A panel discussion with Roger Black, Matthew Carter, Paul Shaw, and Erik Spiekermann. Moderated by Maxim Zhukov.
If you need to know anything else you probably shouldn’t be there ☺*
Thursday | 12 January 2012 | 6:30–8:30pm
The Rose Auditorium | The Cooper Union
41 Cooper Square | New York City
TDC members: free
Cooper Union Students: free
Student non-members $15
For 40 years, working with magazines like Rolling Stone, for newspapers like The New York Times and web sites like Bloomberg.com, Roger Black has been developing ways to communicate content more effectively. His teams have redesigned Reader’s Digest, Esquire, Scientific American, the Los Angeles Times and The Washington Post. Black has been working on web sites since 1995, and was involved with some early influential designs, including MSNBC.com and @Home Network. Now he is design director of Nomad Editions, a group of digital weeklies. In the last year he helped launch four new companies: Webtype, Treesaver, Ready-Media and Nomad Editions. A partner in the Font Bureau and Danilo Black, both founded in 1989, he works from small studios in New York and Austin.
Matthew Carter is a type designer with fifty years’ experience of typographic technologies ranging from hand-cut punches to computer fonts. After a long association with the Linotype companies he was a co-founder in 1981 of Bitstream Inc., the digital typefoundry, where he worked for ten years. He is now a principal of Carter & Cone Type Inc., in Cambridge, Massachusetts, designers and producers of original typefaces. His type designs include ITC Galliard, Snell Roundhand and Shelley scripts, Helvetica Compressed, Olympian (for newspaper text), Bell Centennial (for the US telephone directories), ITC Charter, and faces for Greek, Hebrew, Cyrillic and Devanagari. For Carter & Cone he has designed Mantinia, Sophia, Elephant, Big Caslon, Alisal and Miller. For Microsoft he designed the screen fonts Verdana, Tahoma, Nina and Georgia. Matthew received the Type Directors Club medal in 1997.
Paul Shaw is a design historian and lettering artist in New York City. He is the recipient of several fellowships for his scholarship as well as awards for his lettering and design work. Paul is the coauthor of Blackletter: Type and National Identity and the author of Helvetica and the New York City Subway System. He writes about design history, typography, lettering, and calligraphy for Print, Eye, Baseline and his blog Blue Pencil. His typefaces include Donatello, Kolo, Old Claude and Bermuda. Paul teaches calligraphy and typography at Parsons School of Design and the history of graphic design at the School of Visual Arts. Paul was the co-founder, along with James Montalbano, of TDC², the first annual type design competition not sponsored by a type manufacturer.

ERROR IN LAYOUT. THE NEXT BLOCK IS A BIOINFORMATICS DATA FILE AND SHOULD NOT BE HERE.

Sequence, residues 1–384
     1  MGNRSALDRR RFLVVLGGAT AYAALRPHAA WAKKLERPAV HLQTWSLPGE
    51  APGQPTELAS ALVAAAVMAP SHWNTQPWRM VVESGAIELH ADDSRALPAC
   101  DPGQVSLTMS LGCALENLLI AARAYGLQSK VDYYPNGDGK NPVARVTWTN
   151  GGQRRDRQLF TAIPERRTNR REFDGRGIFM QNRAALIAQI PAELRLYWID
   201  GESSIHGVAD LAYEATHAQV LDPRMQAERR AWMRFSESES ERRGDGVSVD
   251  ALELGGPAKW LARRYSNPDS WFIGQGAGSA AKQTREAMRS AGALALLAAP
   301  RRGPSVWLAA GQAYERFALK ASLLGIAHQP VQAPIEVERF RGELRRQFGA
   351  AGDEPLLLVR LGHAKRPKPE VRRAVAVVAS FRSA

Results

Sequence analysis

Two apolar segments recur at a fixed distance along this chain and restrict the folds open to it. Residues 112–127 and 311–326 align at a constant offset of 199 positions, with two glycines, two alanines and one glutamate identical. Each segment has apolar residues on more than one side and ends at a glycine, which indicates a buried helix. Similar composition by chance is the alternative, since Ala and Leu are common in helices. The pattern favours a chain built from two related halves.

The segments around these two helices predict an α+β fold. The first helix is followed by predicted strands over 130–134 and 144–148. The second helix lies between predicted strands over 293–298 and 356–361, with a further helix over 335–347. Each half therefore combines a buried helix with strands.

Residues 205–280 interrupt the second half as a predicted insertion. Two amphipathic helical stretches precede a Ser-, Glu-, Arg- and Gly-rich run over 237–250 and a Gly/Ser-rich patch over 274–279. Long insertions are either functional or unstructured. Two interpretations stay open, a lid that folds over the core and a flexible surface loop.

Erik Spiekermann is information architect, type designer and author of books and articles on type and typography. Two of his typefaces, FF Meta and ITC Officina, are considered to be modern classics. In 1979 he founded MetaDesign and in 1989 FontShop. He is behind the design of well-know brands such as Audi, Bosch, VW, German Railways and Heidelberg Printing, among others; information systems for Berlin Transit and Düsseldorf Airport and for publications like The Economist. Today he is managing partner and creative director of Edenspiekermann. Spiekermann is Honorary Professor at the University of the Arts in Bremen and in 2006 received an honorary doctorship from Pasadena Art Center. He was made an Honorary Royal Designer for Industry by the RSA in Britain in 2007 and Ambassador for the European Year of Creativity and Innovation by the European Union for 2009. He just received the 2011 German Design Award for Lifetime Achievement. Erik received the Type Directors Club medal in 2011.